“Shannon hustles,” Tom Patton, the area’s state rep, told me when I called to talk about Burns and the Strongsville GOP. “He’s got the reins, and he’s really transformed it into something more than a local little city group.”

“What I love about Shannon is just his passion for our country,” said Mark Fender, Strongsville’s chief of police. He told me the blue-line flag in the lobby of his station was going nowhere. “The flag,” he said, “has been around a lot longer than these other villanization movements against the police.”

The next morning, I met with two of the leaders of Indivisible Strongsville, Russ Smith and Beverly Masek. We drank coffee, and Smith offered toast with honey made by his beekeeping wife. They hadn’t gone to the rally the night before, or the city council, they said, because they didn’t want to play the foil for his social media feeds. Marxists? Socialists? Communists? “At election time, we’ll be the ones hanging vote-for-so-and-so on your doorknob — that’s about as wicked as we get,” Smith said. Masek and Smith gave me a copy of the letter they had written to the council, yellow highlights, blue-pen edits, saying Black drivers were “being unjustly ticketed by Strongsville Police” and referencing a “thoughtful meeting” with the city’s safety director “back in March.”

Playing a different game at a different pace, Burns was back at it the following Monday after the rally on the commons. Another bunch of people squeezed under a large white tent on the lawn adjacent to VFW Post 3345 at yet another event put on by the Strongsville GOP. For $76 a person ($140 a couple or $528 for a table) the clam bake promised a dozen clams or half a chicken, chowder, corn and rolls with butter — plus a familiar “Special Guest.” But Boebert was a no-show. Again. (Multiple spokespeople for Boebert didn’t respond to repeated requests for comment.)

Back behind another mic, Burns didn’t so much as mention her (and nobody I talked to brought her up, either). “Good evening, Strongsville!” Burns said. They prayed (“God, thank you, thank you for this wonderful crowd of like-minded people,” the first vice president said), they said the Pledge of Allegiance, they sang the national anthem, and Burns quickly introduced a handful of local polls before shifting focus. “We’re going to make certain that we are not going to have any critical race theory taught here in our schools,” he said to a rousing round of applause.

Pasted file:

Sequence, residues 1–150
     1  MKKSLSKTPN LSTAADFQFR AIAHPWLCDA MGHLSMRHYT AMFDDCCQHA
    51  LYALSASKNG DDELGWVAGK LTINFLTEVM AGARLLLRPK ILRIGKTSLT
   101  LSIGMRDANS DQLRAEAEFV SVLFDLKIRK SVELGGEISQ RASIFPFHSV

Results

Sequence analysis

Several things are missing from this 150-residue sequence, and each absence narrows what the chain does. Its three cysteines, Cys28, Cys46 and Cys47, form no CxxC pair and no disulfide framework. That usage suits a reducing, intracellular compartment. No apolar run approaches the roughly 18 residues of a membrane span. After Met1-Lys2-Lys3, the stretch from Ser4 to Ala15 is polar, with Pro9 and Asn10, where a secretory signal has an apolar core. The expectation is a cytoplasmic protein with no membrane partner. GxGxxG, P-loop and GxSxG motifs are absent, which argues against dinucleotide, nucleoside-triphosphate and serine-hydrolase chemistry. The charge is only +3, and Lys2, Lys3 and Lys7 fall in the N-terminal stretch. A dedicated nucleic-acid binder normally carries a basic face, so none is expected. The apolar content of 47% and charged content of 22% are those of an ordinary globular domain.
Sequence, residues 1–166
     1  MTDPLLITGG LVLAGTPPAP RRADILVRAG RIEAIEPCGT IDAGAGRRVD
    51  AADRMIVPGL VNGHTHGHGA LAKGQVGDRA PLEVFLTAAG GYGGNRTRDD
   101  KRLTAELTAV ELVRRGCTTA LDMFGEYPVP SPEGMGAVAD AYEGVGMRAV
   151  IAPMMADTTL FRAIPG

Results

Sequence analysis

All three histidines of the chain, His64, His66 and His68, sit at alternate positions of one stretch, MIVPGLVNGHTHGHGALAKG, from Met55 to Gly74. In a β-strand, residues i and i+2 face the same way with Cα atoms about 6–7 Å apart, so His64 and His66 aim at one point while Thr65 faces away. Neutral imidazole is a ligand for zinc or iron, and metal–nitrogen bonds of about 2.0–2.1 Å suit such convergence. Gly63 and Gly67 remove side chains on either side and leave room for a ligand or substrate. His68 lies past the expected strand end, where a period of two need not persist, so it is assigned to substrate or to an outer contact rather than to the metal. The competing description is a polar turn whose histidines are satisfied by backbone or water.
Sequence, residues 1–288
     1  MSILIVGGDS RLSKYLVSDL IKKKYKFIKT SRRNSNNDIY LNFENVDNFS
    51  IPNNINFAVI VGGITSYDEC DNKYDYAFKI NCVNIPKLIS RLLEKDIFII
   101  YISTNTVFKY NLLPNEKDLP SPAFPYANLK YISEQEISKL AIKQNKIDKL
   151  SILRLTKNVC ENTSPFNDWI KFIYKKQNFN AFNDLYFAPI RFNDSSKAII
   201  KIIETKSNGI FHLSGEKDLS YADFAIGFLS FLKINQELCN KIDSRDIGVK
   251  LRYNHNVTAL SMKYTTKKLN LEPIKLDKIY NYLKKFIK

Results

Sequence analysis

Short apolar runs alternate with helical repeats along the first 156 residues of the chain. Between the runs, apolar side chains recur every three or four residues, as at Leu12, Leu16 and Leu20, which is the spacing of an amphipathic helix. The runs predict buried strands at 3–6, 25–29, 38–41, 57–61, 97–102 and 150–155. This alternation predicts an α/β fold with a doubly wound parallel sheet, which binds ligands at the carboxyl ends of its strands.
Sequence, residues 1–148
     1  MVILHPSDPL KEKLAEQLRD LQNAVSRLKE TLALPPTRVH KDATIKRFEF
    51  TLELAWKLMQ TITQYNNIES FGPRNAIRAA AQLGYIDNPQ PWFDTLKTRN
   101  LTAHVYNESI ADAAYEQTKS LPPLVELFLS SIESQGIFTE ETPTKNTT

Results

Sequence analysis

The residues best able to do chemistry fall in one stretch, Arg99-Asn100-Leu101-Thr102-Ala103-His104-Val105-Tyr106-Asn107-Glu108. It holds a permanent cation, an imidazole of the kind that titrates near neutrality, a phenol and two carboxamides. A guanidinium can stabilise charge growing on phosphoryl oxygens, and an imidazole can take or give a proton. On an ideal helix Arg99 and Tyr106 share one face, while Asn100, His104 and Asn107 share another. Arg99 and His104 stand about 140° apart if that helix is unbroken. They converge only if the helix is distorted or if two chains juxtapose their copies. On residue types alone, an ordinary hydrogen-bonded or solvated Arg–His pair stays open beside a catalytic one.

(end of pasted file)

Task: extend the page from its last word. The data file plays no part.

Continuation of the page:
A school board candidate assured she would “fight like hell,” the executive committee chair of the county GOP urged the crowd “not to bend to the tyranny of the left,” and Mandel — the always-at-hand, not-Boebert keynote at Burns’ events — delivered a talk that rolled out like ready-made, red-meat bingo. Two genders. Critical race theory, the New York Times’ 1619 project? “Trash” and “lies.” And the election? “Stolen.”

“I hear you’re doing a hit piece on me,” Burns said as I stood off to the side. But he said it with that grin.

It’s not “a hit piece,” I said, if I’m standing here asking questions.

“I started a company, I had a lot of growth, and that growth also got me leveraged, right? And I got to a point where I was overleveraged. And it’s happened to plenty of others. What happens in that case? You get sued. Plain and simple. There’s no nefarious thing going on there, right? I employed a lot of people, and there are always ways to spin that and make it seem like you’re a terrible guy,” he said. “If people want to do that, they can.”

“But have you made people whole?” I said, knowing he has not.

“Well,” he said, “I’m only one man, right? There’s a company, right? There’s a company that had — you know, I don’t operate Victory Solutions anymore. Victory Solutions is no longer a company, since last year, right? I’ve got my own consulting firm now,” he said, meaning WAB Holdings. “And there’s no way for Victory Solutions to make it whole.”

He added later: “I was the head of the company, and I take responsibility for what happened, but I was only a 51-percent-share owner of the company. So, while ultimately the buck stops with me, I wasn’t the only owner — and, by the way, I lost more money than anyone else did.”

Besides, to some extent all publicity is good publicity, Burns suggested at the clam bake. That Darcy cartoon and commentary from May? “That one’s on my wall,” he said.